If I’m planning to apply the finished molded piece to a concrete form such as a bench or planter, I don’t use metal mesh in the concrete pour. Even if it’s one of my individual plants that is 1 1/2 to 2 inches thick, I don’t use internal wire mesh. I don’t use it in stepping-stones either because they sit solidly on the ground. For me, if the cement is thick enough or if the casting will be applied to something, it’s not necessary to have internal structural metal.


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Direct Sculpting in Concrete



You can also apply cement and sculpt directly with a trowel on the statue or bench. First paint the surface with a bonding agent such as Quikcrete Bonding Agent. I “scrub in” the first coat, then I’m able to trowel on and build up the surface. Layer on the concrete, making sure to apply enough pressure to compress all air pockets. Concrete and gravity only allow one to build up about 1/2” at a time. When you’ve achieved your desired thickness, you can start carving. If you haven’t achieved your desired thickness, score the surface, let the concrete set up for at least a couple of hours, and repeat the process until you have gotten to the depth/thickness you require.

Kids could do this layering process and carve directly on a piece, but I would have to be watching them like crazy. I just don’t think that a lot of kids have the sensibility needed to technically make sure that the cement is attaching well.

I’m more comfortable having the kids direct sculpt their components separately and then attach the hardened pieces to the final form.

Typically, one uses trowels to work with cement. For big groups of kids, I use plastic putty knives. We work at tables. Each kid has a putty knife in each hand. Rubber gloves are nice. After three or four days of doing cement work with bare hands, you can end up with little holes in your fingers! The first rule is compacting, compressing this blob of concrete, and getting the air out of it. Then you shape it into its basic form and then you do the details. When having kids make pieces in concrete to add to sculptures, we work on scraps of upside down carpet. It gives us a texture on the back that promotes better adhesion onto the final piece.

All of these leaves were sculpted by kids and then added to the final piece. Each leaf has a slightly varied vein structure and texture—like nature. I think this adds a charm to artwork, to see that plant and realize that each person made a different leaf. It’s a success-oriented activity for the kids. It’s exciting for them to be molding concrete—using putty knives, shaping the form. They make a leaf; they make another; they get quicker and better. It’s a feel-good activity.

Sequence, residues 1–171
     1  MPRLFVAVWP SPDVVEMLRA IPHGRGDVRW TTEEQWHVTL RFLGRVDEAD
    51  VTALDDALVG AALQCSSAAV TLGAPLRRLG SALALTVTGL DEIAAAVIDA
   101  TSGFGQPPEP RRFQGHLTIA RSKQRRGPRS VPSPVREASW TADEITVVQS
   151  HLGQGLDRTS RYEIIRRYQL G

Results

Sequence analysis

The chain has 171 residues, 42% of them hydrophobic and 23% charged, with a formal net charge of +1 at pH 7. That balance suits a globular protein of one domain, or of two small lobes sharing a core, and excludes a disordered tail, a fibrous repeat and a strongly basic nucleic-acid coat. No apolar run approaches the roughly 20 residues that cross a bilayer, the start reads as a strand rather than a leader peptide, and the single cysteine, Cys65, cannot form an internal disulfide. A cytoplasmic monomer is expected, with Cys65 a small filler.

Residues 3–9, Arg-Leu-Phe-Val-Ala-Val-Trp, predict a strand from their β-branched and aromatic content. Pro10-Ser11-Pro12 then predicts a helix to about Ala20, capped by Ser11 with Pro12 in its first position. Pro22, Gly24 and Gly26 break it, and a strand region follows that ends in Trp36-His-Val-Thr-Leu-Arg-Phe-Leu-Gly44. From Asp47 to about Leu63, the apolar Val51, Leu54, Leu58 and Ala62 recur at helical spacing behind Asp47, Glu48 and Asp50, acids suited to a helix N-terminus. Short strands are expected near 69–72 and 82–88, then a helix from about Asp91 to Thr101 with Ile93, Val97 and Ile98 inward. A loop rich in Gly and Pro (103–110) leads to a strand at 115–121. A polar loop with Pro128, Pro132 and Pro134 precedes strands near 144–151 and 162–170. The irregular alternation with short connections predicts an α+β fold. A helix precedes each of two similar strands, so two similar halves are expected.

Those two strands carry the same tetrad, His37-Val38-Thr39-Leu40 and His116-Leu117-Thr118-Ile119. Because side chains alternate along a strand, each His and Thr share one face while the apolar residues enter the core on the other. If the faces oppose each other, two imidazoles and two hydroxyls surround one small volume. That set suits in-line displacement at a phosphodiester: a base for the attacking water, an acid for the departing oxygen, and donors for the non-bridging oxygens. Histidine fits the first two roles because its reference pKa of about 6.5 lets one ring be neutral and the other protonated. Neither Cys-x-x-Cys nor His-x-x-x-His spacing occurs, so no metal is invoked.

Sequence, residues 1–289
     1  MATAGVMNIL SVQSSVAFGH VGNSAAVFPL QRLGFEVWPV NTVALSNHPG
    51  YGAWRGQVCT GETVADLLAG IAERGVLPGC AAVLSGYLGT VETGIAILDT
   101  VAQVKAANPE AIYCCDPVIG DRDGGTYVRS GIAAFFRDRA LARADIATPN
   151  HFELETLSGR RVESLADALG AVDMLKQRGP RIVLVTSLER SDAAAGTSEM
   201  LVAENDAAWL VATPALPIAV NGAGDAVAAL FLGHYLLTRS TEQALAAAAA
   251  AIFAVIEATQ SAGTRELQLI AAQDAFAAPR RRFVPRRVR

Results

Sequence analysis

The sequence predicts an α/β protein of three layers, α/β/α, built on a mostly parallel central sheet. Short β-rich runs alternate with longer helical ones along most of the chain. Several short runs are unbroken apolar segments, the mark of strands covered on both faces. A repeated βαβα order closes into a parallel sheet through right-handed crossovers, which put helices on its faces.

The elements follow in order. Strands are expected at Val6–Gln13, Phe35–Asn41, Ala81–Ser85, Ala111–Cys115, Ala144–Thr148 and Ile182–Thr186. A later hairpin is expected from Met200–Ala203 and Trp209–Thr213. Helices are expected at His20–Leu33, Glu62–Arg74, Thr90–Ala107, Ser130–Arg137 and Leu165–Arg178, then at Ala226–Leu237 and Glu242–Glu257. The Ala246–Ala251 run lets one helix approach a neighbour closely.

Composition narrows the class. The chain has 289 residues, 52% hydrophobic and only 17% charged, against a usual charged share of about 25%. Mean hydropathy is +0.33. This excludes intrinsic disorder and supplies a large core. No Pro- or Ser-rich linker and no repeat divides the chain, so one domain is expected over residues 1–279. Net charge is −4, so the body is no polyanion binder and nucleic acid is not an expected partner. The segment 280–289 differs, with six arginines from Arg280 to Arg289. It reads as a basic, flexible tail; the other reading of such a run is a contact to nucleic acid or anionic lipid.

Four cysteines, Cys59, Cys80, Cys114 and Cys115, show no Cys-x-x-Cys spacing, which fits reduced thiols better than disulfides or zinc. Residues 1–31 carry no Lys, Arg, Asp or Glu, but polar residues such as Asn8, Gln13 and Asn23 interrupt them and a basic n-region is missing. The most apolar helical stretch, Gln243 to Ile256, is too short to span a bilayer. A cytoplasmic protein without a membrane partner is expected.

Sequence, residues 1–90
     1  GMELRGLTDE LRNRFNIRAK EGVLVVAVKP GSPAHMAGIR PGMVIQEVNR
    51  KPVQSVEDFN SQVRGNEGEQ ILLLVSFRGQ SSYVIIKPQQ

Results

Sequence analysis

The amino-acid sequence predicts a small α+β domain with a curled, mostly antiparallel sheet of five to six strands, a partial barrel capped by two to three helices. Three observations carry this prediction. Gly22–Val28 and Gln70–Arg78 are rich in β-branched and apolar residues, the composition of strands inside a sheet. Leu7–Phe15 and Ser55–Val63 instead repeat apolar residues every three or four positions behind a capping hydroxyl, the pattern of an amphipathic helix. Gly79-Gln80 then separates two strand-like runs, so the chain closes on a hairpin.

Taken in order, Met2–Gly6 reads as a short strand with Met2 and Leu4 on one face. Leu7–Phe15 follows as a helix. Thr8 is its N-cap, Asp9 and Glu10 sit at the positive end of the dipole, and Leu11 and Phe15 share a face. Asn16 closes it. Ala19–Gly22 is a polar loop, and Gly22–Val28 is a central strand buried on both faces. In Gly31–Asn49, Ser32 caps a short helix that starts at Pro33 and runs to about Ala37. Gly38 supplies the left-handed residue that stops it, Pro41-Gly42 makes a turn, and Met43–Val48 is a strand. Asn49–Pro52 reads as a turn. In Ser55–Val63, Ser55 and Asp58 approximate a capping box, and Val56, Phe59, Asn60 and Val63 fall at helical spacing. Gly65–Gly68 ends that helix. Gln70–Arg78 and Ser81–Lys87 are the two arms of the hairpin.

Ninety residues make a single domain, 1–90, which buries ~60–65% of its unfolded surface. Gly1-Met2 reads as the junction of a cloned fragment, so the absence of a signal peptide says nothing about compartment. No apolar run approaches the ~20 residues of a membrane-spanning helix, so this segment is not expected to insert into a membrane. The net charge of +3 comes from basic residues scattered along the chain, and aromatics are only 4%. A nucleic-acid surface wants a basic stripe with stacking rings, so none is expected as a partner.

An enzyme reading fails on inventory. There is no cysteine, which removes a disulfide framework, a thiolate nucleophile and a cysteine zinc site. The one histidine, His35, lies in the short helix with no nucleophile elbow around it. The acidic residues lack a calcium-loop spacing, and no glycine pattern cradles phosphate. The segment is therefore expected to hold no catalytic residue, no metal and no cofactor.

This was a first attempt at layering lots of little stuff. A teenage girl selected pieces made by the younger kids and just had a great time putting this together.



Sculpting rocks out of concrete is a great introduction to the medium for young kids. They made the rocks that were later installed with the lambs and snake as a first concrete experience. I do this in elementary schools from the youngest kids to the oldest. With the youngest, I might just stay at the “rock stage,” but that’s okay because they totally enjoy making rocks at that age.

There is something about working in concrete that is not as intimidating to the kids as working in clay. It simplifies things for them. They’re working in an unfamiliar material and they know that it’s permanent.

There’s no time for messing around. They have to finish it in 20 minutes or it will set up. It gives an immediacy and focus to their work.


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Joining Techniques--Applying Shapes to the Form

Pieces are attached to the finished form using Custom Flexbond, a flexible bonding mortar. Things adhere best if there is a texture on the back. Scratch a thin layer of the bonding mortar into the underlying form, then “butter” the piece to be attached, and press it onto the form until the mortar barely oozes out at the edges. Clean up the edges.

Putting a flat surface onto a rounded surface is not a problem. I build up the concrete to get rid of gaps. I fill the voids between the leaves as I build it up. After bonding mortar sets up, we come back and add more concrete if necessary. It’s very important not to have gaps or fissures in which water can collect. I use the Custom brand of bonding mortar because I find that it allows me to build up the mortar to fill voids more than most other thinsets.

When there are really big gaps to fill(1/2” or more), I use the same fiberglass reinforced acrylic modified mix that I use for direct sculpting. (See below.) This enables me to sculpt the concrete and blend the surfaces together.